Directed by Derek Martinus
Written by Terry Nation
I’ve talked about just how big the Daleks were before and at this point they already had three serials (where no other villain had more than one) and a movie based on them. The question lingering however was “Could the Daleks support their own series?” While the existence of this single episode can be traced back to the decision to shrink “Planet of Giants” from four episodes to three way back at the beginning of Season 2, “Mission to the Unknown”, this serial also doubled as a test run for a proposed serial called The Destroyers which was never produced but the pilot episode was later recorded as an audio play. Like this episode, it would have followed the Space Security Service as they hunted the Daleks and while it could have made for an interesting series, my guess is The Daleks would have gotten as old as they have at certain points in Doctor Who’s run.
Even beyond acting as a sort of backdoor pilot for another series, “Mission to the Unknown” is an odd duck. It’s effectively a prologue to the “The Daleks’ Master Plan”, the longest Doctor Who serial (well depending on how you count “The Trial of a Time Lord”) which isn’t even the next serial. It’s only one episode where the previous shortest had been only the two episode filler “The Edge of Destruction” and quick Vicki introduction “The Rescue”. It’s also completely missing with basically no hope of recovery (it was never sold overseas), and doesn’t feature The Doctor or his companions. Even the NuWho “Doctor-lite” episodes give small appearances to The Doctor, but this one doesn’t even have that. Since Doctor Who is best when The Doctor is around, the series is already starting at a disadvantage.
The episode picks up with the newly awakening astronaut who under the influence of a thorn (really) attempts to kill the remaining two stranded astronauts. Aside from making the infected human mad murderous, it also slowly turns the infected into another Varga plant which makes for a horrifying transformation (or could be anyway in live action). These plants are endemic to the Daleks homeworld of Skaro which allows for the secret agent from the Space Security Service to offer up a quality amount of exposition. The most interesting thing that happens though with this episode is everyone dies. Well not everyone since there is the other plotline, but all three astronauts die. One by one they are killed off (the first two in self-defense though they were essentially dead already thanks to the Varga, and the third at the hands to the Daleks) and is wrapped up nice and tight. There have been downer serial ending before such as “The Aztecs” but never has it been such a resounding failure on the part of the leads.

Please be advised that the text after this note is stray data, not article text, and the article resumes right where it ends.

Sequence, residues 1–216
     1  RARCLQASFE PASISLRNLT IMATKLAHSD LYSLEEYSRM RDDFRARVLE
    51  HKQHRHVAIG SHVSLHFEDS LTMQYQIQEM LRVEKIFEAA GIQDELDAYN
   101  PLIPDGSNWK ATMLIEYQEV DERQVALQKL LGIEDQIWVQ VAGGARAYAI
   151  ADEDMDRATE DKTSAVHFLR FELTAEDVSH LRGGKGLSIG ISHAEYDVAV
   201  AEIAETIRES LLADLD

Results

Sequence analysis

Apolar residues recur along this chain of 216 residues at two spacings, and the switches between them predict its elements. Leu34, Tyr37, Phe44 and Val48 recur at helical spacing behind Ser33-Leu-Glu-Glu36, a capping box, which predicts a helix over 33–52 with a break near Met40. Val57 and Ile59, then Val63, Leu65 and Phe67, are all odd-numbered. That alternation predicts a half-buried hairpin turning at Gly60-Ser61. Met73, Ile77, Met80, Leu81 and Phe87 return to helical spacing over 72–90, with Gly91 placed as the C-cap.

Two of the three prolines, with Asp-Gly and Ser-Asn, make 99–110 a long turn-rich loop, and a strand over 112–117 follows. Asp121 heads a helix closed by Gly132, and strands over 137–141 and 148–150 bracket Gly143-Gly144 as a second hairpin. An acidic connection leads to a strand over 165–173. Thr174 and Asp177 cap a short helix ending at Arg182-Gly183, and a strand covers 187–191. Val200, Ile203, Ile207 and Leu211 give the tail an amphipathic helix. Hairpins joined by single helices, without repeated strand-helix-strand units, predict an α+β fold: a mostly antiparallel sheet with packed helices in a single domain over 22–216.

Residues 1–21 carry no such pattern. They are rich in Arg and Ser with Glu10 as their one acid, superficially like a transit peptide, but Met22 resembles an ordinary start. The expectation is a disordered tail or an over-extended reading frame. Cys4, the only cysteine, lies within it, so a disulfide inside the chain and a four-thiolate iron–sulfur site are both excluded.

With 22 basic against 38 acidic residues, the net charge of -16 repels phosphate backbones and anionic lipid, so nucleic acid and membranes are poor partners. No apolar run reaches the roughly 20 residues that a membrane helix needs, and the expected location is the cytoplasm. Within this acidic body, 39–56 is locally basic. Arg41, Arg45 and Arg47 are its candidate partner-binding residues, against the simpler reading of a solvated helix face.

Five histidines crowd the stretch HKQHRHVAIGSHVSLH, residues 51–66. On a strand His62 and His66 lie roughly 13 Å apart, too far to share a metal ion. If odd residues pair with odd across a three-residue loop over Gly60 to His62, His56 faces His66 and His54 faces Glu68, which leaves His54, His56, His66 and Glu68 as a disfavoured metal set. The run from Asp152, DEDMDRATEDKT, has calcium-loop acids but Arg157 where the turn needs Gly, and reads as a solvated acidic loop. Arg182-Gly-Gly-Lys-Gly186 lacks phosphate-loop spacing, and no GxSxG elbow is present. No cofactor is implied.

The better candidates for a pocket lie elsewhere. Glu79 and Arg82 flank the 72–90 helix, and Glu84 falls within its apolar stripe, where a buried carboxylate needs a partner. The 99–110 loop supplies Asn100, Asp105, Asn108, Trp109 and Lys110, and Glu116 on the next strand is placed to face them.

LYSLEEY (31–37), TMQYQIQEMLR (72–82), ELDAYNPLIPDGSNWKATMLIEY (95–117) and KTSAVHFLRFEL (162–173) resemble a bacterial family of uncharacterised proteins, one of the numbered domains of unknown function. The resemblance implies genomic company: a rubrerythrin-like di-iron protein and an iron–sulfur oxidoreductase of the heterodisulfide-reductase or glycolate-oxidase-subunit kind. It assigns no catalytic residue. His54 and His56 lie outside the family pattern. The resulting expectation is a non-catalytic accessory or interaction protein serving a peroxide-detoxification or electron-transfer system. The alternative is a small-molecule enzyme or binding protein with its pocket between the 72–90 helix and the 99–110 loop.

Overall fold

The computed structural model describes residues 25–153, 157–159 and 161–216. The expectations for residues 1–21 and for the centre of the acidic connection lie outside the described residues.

The other plotline involves The Daleks making an alliance with seven other alien races to conquer the solar system (or even the whole galaxy though they never seem to list their interests beyond Jupiter). This plot however is hardly developed and even more obviously than the teasing of the other plot, is merely a set up to “The Daleks’ Master Plan”. It feels wrong to even judge this episode as its own thing, and yet it is an interesting curiosity which does stand apart if not in plot, than is form from the rest of the series.
– What a memorable thread 1001 this will be.
– Fine if you really want an episode rating, C+. I apparently didn’t like it the first time through, but it was decent enough on rewatch I think largely because I know this time there is going to be payoff.
– At the very least there exists an animated reconstruction of the episode so that’s nice.
– Someone should have told Lowery that you can’t suck out venom. Then again he was dead either way.
– The Varga plants look so much better in the animation than in real life so that’s one advantage of the lost episode.
– The alien delegates seen here would be recast for “The Daleks Master Plan”.
– This is the last episode where Verity Lambert is credited as producer one of the last ties to the first episode.
– This Week in Cliffhangers: I know I usually ignore the mid serial cliffhangers but this is as good point to talk about them aside from the end of serial cliffhangers which I usually highlight here (since this is hardly the end of the story). Some of them are rather good (such as The Dalek first episode ones I’ve talked about in the past), but too often they just feel rather contrived and along the lines of the early film serials such as Commander Cody where the heroes get into serious trouble at the end of an episode only to be quickly bailed out at the start of the next episode. Episodic filmmaking in a serial format is hard and writers still frequently struggle with it to this date, but watching all the episodes back to back (not that that was an option then) just highlights its weakness. The cliffhanger here is simply focusing on The Daleks and their new allies chanting “Victory” which is effective enough but the newcomers are just a bunch of schmucks we have no reason to care about at this point.
Next Up: Back to our regularly scheduled programming with “The Myth Makers” on 2/22.
“The Daleks’ Master Plan” – 2/29
“The Massacre of St Bartholomew’s Eve” – 3/4